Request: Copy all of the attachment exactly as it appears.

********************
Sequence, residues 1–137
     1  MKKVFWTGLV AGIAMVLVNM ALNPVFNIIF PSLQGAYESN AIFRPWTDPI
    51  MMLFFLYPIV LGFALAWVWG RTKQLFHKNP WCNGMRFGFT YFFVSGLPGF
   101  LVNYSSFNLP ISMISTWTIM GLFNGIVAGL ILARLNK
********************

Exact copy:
Sequence, residues 1–137
     1  MKKVFWTGLV AGIAMVLVNM ALNPVFNIIF PSLQGAYESN AIFRPWTDPI
    51  MMLFFLYPIV LGFALAWVWG RTKQLFHKNP WCNGMRFGFT YFFVSGLPGF
   101  LVNYSSFNLP ISMISTWTIM GLFNGIVAGL ILARLNK